The most prevalent conversation surrounding STEM (Science, Technology, Engineering, and Math) fields centers on the lack of people of color in these different industries.

In one attempt to reverse that trend in the nation’s capital, the D.C. STEM Network hosted the 2016 D.C. Stem Fair March 19 at Washington D.C.’s Dunbar High School in an attempt to reach out to public, private, home school, and parochial students to inspire them to pursue more positions in STEM industries. The STEM Fair gives students the chance to present their work and connect with local STEM organizations that can guide them into their respective fields.

Some of the projects showcased at the STEM Fair focused on engineering, with one student researching how well certain bridges could hold weight. Another project involved a middle school student heating soiled seeds in his home oven, testing the effects of global warming on plants and soil on a smaller, but effective scale.

Edgar, a Latino student at Hardy Middle School, tested different types of video games, and researched the likelihood of these games affecting students’ problem solving skills. Edgar took great pride in doing his own research, testing groups of students, and drawing his own conclusions by comparing these different groups based on the various video game types.

When asked if they do these sorts of projects at school, Edgar shook his head, saying, “No, I did it all by myself.”

The D.C. STEM Fair was also a chance to connect educators and parents to local organizations that can better inform them on ways to get children more involved in STEM opportunities. The TechBridge organization is a program operating in facilities such as Hart Middle School, Jefferson Middle School, and Kramer Middle School. In these locations TechBridge conducts mentorship programs and exposes students to STEM opportunities via field trips to places such as NASA and Microsoft headquarters and educational sit-ins that help young girls prepare for STEM careers. The Deloitte/Digitally INclined group is an Arlington-based firm that works specifically with young men to get them involved in the STEM areas of science and technology as well by providing guidance and consulting services to families as well as educators.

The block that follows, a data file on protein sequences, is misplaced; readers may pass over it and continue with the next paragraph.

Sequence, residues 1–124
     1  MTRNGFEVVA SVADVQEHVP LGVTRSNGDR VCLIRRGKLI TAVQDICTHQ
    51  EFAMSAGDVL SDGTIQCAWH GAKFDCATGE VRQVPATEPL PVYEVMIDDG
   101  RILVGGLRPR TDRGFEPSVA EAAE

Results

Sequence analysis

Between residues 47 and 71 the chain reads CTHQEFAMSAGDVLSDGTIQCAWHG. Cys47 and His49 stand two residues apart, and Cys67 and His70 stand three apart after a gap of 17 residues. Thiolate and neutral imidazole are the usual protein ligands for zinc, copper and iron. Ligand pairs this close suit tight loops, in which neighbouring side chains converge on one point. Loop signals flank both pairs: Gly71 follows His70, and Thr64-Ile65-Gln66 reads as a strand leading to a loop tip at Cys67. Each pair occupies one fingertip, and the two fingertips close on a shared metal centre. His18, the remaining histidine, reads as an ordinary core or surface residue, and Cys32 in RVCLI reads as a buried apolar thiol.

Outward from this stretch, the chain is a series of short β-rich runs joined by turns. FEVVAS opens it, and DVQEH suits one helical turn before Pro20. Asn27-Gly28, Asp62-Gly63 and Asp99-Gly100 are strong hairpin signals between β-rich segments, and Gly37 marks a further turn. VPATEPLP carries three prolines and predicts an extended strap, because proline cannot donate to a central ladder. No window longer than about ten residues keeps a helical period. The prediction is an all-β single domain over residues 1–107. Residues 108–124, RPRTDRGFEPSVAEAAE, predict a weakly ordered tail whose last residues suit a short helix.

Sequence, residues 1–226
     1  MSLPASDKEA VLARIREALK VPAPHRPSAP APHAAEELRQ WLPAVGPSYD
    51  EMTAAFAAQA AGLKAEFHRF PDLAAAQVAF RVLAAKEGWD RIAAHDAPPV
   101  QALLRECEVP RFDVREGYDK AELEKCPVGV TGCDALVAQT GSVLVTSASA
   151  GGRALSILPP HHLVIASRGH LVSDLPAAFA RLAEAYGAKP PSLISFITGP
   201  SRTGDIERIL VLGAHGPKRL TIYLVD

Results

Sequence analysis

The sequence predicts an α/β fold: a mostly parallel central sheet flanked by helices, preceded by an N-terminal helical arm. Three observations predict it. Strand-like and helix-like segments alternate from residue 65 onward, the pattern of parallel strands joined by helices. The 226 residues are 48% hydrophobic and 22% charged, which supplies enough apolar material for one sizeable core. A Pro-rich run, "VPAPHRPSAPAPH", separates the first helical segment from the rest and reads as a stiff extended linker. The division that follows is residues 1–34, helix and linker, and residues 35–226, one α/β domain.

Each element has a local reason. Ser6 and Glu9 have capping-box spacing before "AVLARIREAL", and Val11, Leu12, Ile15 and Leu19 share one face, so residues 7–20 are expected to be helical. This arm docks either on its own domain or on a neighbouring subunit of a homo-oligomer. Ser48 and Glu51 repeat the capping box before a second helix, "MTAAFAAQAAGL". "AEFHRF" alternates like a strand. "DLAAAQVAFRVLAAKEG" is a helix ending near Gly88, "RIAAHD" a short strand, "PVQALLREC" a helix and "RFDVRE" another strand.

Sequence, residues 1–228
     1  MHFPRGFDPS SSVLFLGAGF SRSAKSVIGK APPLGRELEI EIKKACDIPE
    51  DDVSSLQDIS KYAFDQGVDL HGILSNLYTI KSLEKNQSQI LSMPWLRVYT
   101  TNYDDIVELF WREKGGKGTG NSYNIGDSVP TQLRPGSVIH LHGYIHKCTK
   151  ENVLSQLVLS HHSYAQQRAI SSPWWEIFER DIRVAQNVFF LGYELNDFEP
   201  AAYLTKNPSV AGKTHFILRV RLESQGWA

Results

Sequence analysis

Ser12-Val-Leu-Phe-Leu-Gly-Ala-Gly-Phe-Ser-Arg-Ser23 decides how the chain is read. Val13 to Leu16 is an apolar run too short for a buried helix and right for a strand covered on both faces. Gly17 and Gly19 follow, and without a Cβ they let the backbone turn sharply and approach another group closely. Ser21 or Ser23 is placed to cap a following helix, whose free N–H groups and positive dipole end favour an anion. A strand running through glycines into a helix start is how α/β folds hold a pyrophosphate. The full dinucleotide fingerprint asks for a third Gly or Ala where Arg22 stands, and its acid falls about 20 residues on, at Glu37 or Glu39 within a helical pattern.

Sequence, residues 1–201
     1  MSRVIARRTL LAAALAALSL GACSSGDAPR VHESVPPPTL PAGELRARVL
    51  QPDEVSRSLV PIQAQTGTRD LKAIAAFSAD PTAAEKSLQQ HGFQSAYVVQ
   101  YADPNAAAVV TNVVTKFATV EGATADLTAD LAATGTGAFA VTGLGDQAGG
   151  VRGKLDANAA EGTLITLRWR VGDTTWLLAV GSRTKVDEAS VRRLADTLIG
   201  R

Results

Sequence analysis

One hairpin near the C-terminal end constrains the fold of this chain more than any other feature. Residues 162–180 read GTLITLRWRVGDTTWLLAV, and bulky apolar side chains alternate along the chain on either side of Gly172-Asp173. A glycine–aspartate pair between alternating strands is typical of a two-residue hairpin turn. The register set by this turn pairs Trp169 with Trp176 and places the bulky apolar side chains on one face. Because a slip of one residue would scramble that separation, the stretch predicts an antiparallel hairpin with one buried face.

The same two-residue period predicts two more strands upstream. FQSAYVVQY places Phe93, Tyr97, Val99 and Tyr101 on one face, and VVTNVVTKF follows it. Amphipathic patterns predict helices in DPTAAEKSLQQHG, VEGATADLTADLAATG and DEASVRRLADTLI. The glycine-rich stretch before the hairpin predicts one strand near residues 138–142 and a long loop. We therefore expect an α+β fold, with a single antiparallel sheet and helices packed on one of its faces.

While the D.C. STEM Fair was an honest attempt at showcasing the achievements of many D.C. students, sadly many schools in Wards 7 and 8 were underrepresented in comparison to other historically economically stable wards. According to an anonymous D.C. STEM Fair volunteer, in spite of the Fair being held at the Dunbar High School, Dunbar students were nevertheless not represented at all in the expo.

The trend at the education level translates into the professional life. According to research conducted by the Change the Equation group, STEM fields have enormous employment opportunities, and many private and public sector employers are struggling to fill vacant positions with people from minority groups.

A 2011 survey conducted by the Census Bureau concluded that about 70.3 percent of mathematics occupations, 75.2 percent of engineering occupations, 68.6 percent of life and physical science occupations, 79.3 percent of social science occupations, and 66.9 percent of computer science positions are held by White people. Not to mention 74.2 percent of these overall positions are occupied by biological males.

This data indicates that while some minorities are interested in STEM fields, that interest has not translated into actual employment.

One of the major goals of national STEM efforts by groups such as Change the Equation is to increase the number of minority groups in occupational positions by encouraging students to enroll into college as STEM majors, which would increase the likelihood of a transition into permanent employment in STEM fields. Many of the students expressed a desire to continue their work in STEM once they graduated from high school, so events like the D.C. STEM Fair are geared towards finding students and assimilating them into mentorship programs that guide them into their respective career choices.